In English you'd have:

(1) They eat the cakes
(2) They eat them

In Portuguese we simply replace a masculine plural object by the pronoun "os".

"Eles comem-os" (grammatically incorrect)

But as the verb ends in a nasal syllable "mem", that causes you to need to add an "n" to "os". So, N+OS = NOS

and thus:

"Eles comem-nos"...

Roos wrote:But maybe it’s for later. You’re right, I should first concentrate on the spelling and grammar.


You really should, before thinking about more complicated things like the pronoun stuff above, try to learn the basics well.

Roos wrote:And why you write “eu possa escrever” instead of “eu posso escrever” ?


Because they're different verb tenses. "Posso" is 1st person singular of Present Indicative and "possa" is 1st person singular of Present Conjunctive... If you never heard of this before, don't worry about it now, cause it's not the easiest thing. I really think you NEED to have solid bases before going on into this.

Roos wrote:Or is there a different between posso e possa (may and can?)


No. Same verb, same meaning.

Roos wrote:Again a question,
When do you use the futuro?


Basically on the same situations as in any other language. As you want to express something that will happen in the future.

English: "I will be rich"
Portuguese : "Serei rico"

Serei is the 1st person singular of the Future tense of "ser".

Roos wrote:And what is "I have walked" or I am began"


It depends on what you want to say... "I have walked" can be translated as many things. I'll suggest "Eu andei" or "Eu tenho andado", since I don't know what you really want to say.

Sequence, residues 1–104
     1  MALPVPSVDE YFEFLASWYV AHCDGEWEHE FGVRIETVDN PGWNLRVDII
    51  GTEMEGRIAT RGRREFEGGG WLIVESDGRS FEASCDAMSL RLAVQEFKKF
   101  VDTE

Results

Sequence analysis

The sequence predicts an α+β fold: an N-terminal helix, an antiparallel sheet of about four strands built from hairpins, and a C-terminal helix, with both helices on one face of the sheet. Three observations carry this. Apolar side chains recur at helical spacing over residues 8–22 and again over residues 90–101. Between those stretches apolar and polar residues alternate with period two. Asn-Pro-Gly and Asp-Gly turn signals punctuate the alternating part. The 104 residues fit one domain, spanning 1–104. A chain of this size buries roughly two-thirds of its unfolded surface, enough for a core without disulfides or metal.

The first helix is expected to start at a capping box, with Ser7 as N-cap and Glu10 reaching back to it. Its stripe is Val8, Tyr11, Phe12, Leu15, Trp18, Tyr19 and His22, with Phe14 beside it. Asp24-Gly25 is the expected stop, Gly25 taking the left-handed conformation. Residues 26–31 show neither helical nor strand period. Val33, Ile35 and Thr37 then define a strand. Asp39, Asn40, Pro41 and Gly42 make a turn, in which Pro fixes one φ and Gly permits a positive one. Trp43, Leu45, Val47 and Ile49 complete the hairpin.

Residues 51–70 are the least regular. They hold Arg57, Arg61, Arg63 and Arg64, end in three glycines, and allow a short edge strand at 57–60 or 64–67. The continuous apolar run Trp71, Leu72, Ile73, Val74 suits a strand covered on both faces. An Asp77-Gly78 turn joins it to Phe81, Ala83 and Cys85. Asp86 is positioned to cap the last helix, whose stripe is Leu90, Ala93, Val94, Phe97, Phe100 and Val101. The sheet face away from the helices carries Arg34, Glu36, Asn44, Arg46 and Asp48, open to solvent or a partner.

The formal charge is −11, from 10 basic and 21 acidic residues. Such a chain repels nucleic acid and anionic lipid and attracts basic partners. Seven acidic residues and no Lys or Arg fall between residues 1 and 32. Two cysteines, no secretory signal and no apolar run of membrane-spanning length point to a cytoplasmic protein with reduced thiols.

I am began... I believe that's a Dutch structure. It should be just "I began" = Eu comecei.
Quot linguas calles, tot homines vales

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Newbie needs help understanding tenses

Postby Tjalfe » 2003-03-31, 15:10

Bom dias everyone !

I hope someone is still monitoring this group.

I have some problems (read : a lot) with understanding tenses.

I would appreciate it if someone would tell me when to use which tense since I dont own a textbook to read it in.

f.x. the word fal-ar, I read the file with how to conjugate it, but I dont know when to use which tense. So could you help me fill in this info :

fal-ar
Presente = I speak
P.Imperfeito
P.Perfeito = I spoke ?
P. Mais Que Perfeito
Futuro
Presente Conjuntvo
P. Imperfeito Conjuntivo
Futuro Conjuntivo
Condicional
Infinitivo Pessoal = Speak!! ?
Imperativo
Partícipio Passado

and if some translate into the same in English, then please explain when to use which ending.

In advance muito obrigado

Regards Lars Jakobsen (from Denmark)

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Postby Luís » 2003-03-31, 16:25

Boa Tarde, Lars!

I will try to explain the tenses, though most don't really have an equivalent in English. The Personal Infinitive, for instance, doesn't have an equivalent in any other language (besides Galician). As for the Conjunctive, people have wrote books on that :wink: so I'll be brief so that you can get a general idea, but will skip the details. I'll use some extra verbs besides falar to explain it better.


FAL-AR


Presente = I speak , I will speak

Falo espanhol (I speak Spanish)
Falo com ele amanhã (I'll speak to him tomorrow)

Pretérito Imperfeito = I spoke, I was speaking...

Like in Spanish, an action in the past that lasted for a period of time (had a duration) or an action that starts in the past, ends in the present or is not concluded.

Ele era muito falador. (He was very talkative)
Falava todo o dia. (He talked all day)
Quando morava em Lisboa... (When I was living in Lisbon...)